Things to consider when building your stockpile of healthy foods

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(Natural News) During this period of worldwide calamity, everyone is looking into the kind of healthy foods they should get for their stockpile. You may be living in a city or state that has already imposed some lockdown procedures. In that case, you may want to check the foods you currently have.

While the current wave of the coronavirus pandemic may not affect the electric grid now, there is a chance that the power could go out later in the year during the second wave of infections. This means that you should start thinking about buying healthy foods that don’t need to be cooked. Here are several things to consider when you’re building your stockpile of survival foods. (h/t to

Set a (realistic) goal

Before you head out to the grocery store, consider a few things first: How much money can you spend on food? How much food can you store? If you don’t have a lot of money to spend on food, the Department of Homeland Security at the very least recommends buying a three-day supply of non-perishable food. This can be a great place to start. Start saving up now, and begin buying more and more food until you hit the three-day mark. Once you reach this goal, start scaling up your stock by buying food for four days, and then for five, six, a whole week, and so on until you’ve reached your goal. Whether that goal is a month’s or a year’s worth of non-perishable foods will depend on you.

Prioritize storing water

Before you think about buying more food, make sure you have enough water to last the entirety of a disaster. You can’t rely on tap water alone, especially if you’re not certain about the quality of water in your neighborhood. Furthermore, your tap water may be filled with pharmaceuticals, pesticides and other radioactive and cancer-causing chemicals. The Centers for Disease Control and Prevention (CDC) recommends buying one gallon of water per day for each person and pet in your household. Much like your stockpile of food, scale up your water supply until you reach at least a two-week supply of safely stored water.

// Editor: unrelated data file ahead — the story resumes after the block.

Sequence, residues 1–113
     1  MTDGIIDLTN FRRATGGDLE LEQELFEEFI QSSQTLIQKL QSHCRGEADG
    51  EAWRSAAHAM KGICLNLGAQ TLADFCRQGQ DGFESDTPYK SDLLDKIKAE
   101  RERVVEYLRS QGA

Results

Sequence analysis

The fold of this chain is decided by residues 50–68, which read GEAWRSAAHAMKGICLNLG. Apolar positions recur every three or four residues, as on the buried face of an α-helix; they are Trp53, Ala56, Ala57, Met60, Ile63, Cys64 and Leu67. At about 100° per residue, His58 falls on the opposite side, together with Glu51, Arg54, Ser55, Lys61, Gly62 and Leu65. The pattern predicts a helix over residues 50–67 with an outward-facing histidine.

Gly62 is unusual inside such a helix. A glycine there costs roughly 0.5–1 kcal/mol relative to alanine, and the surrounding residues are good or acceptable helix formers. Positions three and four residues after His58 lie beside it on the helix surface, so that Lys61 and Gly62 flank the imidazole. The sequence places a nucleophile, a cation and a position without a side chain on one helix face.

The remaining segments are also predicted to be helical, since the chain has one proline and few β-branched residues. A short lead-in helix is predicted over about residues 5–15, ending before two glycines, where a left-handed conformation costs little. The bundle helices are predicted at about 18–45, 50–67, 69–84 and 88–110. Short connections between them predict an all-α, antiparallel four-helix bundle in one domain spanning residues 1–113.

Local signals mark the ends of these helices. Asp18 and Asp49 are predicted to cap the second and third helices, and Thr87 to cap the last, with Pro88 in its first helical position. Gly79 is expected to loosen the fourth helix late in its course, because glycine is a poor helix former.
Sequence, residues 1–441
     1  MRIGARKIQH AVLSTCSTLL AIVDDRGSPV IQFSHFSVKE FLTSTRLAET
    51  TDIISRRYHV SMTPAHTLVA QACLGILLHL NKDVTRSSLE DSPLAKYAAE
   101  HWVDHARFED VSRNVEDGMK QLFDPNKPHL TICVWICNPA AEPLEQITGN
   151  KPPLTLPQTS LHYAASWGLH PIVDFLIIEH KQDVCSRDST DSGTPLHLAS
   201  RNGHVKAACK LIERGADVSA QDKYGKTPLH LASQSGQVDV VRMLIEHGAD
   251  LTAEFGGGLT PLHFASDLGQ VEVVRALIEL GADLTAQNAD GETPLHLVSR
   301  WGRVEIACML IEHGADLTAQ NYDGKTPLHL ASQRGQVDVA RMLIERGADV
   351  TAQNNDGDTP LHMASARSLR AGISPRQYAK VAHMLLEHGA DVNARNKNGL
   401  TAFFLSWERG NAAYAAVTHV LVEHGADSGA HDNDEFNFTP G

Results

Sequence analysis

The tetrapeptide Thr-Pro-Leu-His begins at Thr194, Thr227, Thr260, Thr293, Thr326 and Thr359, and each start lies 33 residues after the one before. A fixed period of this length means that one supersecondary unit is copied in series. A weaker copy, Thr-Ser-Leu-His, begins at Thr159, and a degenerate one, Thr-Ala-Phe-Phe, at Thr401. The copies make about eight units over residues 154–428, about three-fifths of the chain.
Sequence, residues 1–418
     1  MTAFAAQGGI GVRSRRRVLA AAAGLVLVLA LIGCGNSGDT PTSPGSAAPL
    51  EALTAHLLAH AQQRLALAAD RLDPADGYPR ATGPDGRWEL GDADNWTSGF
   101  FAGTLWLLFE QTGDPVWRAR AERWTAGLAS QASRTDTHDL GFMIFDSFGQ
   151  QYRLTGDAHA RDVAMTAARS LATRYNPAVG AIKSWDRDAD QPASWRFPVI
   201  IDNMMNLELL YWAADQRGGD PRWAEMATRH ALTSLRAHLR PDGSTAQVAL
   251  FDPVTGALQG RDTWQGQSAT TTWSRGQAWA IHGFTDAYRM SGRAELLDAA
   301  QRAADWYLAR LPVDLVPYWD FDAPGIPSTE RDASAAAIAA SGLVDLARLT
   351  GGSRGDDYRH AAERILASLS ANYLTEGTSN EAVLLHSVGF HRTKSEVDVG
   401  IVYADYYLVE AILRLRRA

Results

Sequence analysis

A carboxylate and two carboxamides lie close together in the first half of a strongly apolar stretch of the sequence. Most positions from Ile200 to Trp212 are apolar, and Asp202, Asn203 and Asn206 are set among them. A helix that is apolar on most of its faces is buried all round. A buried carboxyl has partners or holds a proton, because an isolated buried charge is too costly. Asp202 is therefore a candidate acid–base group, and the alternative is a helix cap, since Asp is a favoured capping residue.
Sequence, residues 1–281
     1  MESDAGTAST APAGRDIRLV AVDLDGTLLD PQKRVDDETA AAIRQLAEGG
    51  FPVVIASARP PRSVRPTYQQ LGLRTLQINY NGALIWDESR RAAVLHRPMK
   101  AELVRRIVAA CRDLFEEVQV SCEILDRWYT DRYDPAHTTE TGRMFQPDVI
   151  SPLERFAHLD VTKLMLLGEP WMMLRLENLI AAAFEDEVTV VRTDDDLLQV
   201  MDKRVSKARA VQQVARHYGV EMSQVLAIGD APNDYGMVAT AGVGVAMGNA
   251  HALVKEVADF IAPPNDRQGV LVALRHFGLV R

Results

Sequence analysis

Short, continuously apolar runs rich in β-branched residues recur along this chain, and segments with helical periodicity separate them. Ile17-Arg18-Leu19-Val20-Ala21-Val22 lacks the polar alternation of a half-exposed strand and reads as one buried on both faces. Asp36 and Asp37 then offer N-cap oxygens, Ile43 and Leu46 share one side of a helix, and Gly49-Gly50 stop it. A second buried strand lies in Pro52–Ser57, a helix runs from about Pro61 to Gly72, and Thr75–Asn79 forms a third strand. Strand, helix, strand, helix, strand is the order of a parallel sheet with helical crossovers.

Invest in healthy, nutritious and tasty foods

It’s not enough to just buy food. If most of the foods you’re buying are junk foods, then your health will deteriorate before COVID-19 even gets to you. Consider getting nutritious and healthy foods, such as:

  • Cereals
  • Canned and dried meat
  • Canned vegetables and dried fruits
  • Peanut butter
  • Nuts and trail mixes
  • Granola bars
  • Canned soups and chili

Buy your survival foods in bulk

If you want to stockpile affordably, buy your survival foods in bulk as much as possible. Buying in bulk has several advantages, such as reducing the price of your food items per unit, and reducing the need to go to the grocery store, where you may be exposed to infected people. (Related: 10 affordable food and nutritional items you can stockpile before the big crisis hits.)

Stock up on longer-lasting produce

Fresh and organic foods are very nutritious and will provide a variety of health benefits. If a disaster or a lockdown is coming and you’re still able to buy fresh foods, consider buying some produce that can last for weeks or even months, especially if you store them properly. The fresh foods you should prioritize are:

  • Apples
  • Citrus fruits like lemons, limes and sweet oranges
  • Winter squashes like acorn squash
  • Potatoes and yams

Consider buying seeds for sprouting

If you want to supplement your survival food stocks, consider buying seeds that you can sprout in jars. There are a variety of healthy, nutritious and tasty sprouts that you can grow in your own home with minimal supervision. These include broccoli, beet, alfalfa, lentil and even sunflower sprouts.

Rotate your food rations

Once you’ve got your supply of survival foods, make sure they’re all stored properly and that you check their remaining shelf life constantly. Rotate foods that are near the end of their shelf life by eating them. You don’t want to be left with expired foods, as they will only damage your health.

For more tips on how to store food, check out

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